The internet can be a great source of information. You can literally Google anything. One downside I have noticed is that there is a lot of misinformation too. When it comes to business, it seems to be glamorised. It’s cool to run a business. Anyone can do it. To add more fuel to the fire, most articles are either overnight success stories or some form of how-to-build-a-6,7-figure-business-under-30-days nonsense. Not many are brave enough to share what it really takes to run a business and how it can impact small business owners physically, mentally and emotionally.
That’s why I’m introducing this new mini-series with Zoe from Barley & Twist, who is part of our Atelier of Success and kindly agreed to document her journey once a month. Zoe started it after realising that corporate life and fitting in wasn’t for her. Her love of furniture goes back to times when she was a student in the 80s and couldn’t afford new furniture. Even though her career took her in a different direction, she kept honing her skills and developed a love of classic looks with a touch of difference and a hint of character. Zoe went on to pursue her passion and attended upholstery school, and undertook extensive and intensive training to perfect her craft. Now she runs her business from her new premises in Ormskirk (below is the REAL story so keep reading on) where, aside from working on her commission work, she also hosts monthly pop-ups and upholstery workshops.
Here is her second diary entry…leaning the hard way.
At the end of this month we conclude the summer time. And what a summer it has been. I’ve heard stories of people sacking their clients, but it’s not something I’d experienced myself – until now. I’ll be honest, there were warning signs right from the start. The client wanted factory consistency to a bespoke brief and service, for a knock-down price at a rush job pace. Not an easy combination for any business, but for a sole trader that’s truly impossible.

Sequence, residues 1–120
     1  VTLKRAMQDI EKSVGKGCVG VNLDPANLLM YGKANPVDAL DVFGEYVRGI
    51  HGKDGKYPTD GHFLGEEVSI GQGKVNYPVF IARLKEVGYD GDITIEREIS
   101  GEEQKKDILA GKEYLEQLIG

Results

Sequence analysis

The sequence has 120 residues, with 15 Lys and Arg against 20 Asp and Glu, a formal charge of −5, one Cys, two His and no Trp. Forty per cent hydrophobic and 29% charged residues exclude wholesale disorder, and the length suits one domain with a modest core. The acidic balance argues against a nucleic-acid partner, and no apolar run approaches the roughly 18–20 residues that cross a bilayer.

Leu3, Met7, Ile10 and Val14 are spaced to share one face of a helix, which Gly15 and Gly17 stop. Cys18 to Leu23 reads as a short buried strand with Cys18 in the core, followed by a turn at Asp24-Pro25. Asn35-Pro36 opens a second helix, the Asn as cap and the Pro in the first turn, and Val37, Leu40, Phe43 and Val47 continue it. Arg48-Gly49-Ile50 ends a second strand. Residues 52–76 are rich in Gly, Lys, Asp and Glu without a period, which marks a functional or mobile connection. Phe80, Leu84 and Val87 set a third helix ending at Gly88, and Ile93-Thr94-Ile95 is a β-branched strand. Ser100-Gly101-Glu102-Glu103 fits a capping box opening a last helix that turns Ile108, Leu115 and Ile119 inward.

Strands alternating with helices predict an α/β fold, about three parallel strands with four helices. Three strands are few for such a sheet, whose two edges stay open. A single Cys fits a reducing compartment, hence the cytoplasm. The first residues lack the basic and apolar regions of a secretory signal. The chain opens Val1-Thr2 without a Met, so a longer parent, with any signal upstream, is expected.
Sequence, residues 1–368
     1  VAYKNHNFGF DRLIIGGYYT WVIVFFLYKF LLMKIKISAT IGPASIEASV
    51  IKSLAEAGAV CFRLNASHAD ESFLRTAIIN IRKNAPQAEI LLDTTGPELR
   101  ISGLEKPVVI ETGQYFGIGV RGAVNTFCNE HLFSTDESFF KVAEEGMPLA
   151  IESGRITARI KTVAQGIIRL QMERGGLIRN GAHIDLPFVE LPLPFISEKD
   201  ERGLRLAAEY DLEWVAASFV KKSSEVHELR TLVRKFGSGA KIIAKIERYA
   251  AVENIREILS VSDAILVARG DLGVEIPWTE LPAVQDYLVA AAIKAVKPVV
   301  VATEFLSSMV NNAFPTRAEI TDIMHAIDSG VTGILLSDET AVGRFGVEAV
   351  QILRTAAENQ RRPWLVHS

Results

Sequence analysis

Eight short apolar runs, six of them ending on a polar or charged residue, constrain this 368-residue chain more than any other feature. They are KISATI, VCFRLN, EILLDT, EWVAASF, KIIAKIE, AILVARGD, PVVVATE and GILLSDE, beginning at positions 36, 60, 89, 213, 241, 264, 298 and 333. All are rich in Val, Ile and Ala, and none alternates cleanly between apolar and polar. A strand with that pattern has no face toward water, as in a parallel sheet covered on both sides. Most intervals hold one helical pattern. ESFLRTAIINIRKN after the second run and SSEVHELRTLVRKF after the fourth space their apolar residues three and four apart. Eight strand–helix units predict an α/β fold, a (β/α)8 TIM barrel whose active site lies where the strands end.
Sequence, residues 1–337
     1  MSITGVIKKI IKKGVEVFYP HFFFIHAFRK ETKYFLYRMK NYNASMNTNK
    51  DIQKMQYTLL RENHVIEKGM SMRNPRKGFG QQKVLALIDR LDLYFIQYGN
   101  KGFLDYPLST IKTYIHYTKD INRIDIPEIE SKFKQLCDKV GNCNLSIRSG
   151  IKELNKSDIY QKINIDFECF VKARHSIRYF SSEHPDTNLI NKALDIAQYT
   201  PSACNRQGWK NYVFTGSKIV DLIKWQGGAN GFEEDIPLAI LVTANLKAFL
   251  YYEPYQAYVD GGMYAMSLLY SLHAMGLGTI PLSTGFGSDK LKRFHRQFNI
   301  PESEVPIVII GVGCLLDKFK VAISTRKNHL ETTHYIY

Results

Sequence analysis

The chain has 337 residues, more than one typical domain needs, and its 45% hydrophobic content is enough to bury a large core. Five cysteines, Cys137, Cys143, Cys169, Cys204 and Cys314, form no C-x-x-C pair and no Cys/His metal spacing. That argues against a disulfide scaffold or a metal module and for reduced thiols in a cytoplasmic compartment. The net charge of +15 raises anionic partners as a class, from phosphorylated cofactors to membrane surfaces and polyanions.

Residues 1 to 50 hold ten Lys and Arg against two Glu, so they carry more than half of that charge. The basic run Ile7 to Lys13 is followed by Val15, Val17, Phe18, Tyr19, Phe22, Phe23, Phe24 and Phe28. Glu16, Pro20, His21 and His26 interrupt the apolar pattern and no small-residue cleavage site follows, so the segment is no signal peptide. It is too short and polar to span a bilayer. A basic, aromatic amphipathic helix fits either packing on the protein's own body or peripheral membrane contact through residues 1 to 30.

I have a saying which I’ve used for myself in my business for many years, and when coaching clients – “nobody undervalues the person who values themself.” Well, you guessed it, I undervalued myself. When the client asked me repeatedly for a lower and lower price, I found myself agreeing before I realised the intricacies of the job.
As an upholsterer who mainly reupholsters older chairs it’s seldom that chairs from one job to the next will be the same, though there are similarities. And I thought I understood the similarities for this project. However, I didn’t allow for the differences, or that the customer only wanted 2 chairs to leave his premises at a time, making the job much more difficult than I expected. For 3 weeks solid I worked 7 days a week from 8am until I got cramp in my arm, around 4:30pm. Epsom Salts baths became my best friend through those 3 weeks.
I’m not going to take you through the sordid details but suffice to say I couldn’t do right for doing wrong, and the client felt like he was ‘bending over backwards’ for me –including paying for materials before I purchased them. Being exhausted, I found myself telling the client I was no longer working for him when he complained about the work (not the quality, I hasten to add, more the timescales and the use of studs on the sides of the arms). I’d done all I could do, and so I turned away a lot of money and accepted that I’ve effectively not been paid for 3 weeks of work. Not an easy decision to take, but I do believe it’s the right one.
Sadly, with the job taking too long I also lost 2 other customers. So it’s not felt like one of my better weeks in business. Thankfully a client, who has been talking with me for 10 months about doing her double drop arm Victorian sofa for her, has now booked in which means it’s not all bad news.
But wait, there’s an addendum to this story. I handled the fall-out with the client delicately (though it wasn’t always easy, I’ll admit). As a result, the job is back on, with an apology, an acceptance of timescales (and the studs!) and an extra bit of money too. I very nearly let my pride get in the way, but you know, you can’t necessarily win standing on principle, so even though humble pie can get stuck in my throat at times, I do find it’s worth eating.
And the lessons I’ve learned from this? Well, next time I’m going to act on the warning signs for sure. And when the price is what the price is, well, that’s the price, so there’s no reason to be knocked down. I guess the last lesson is from the fall-out – there’s often a solution on the other side of pride. So, onwards and upwards, and learning from the lessons I encounter along the way.
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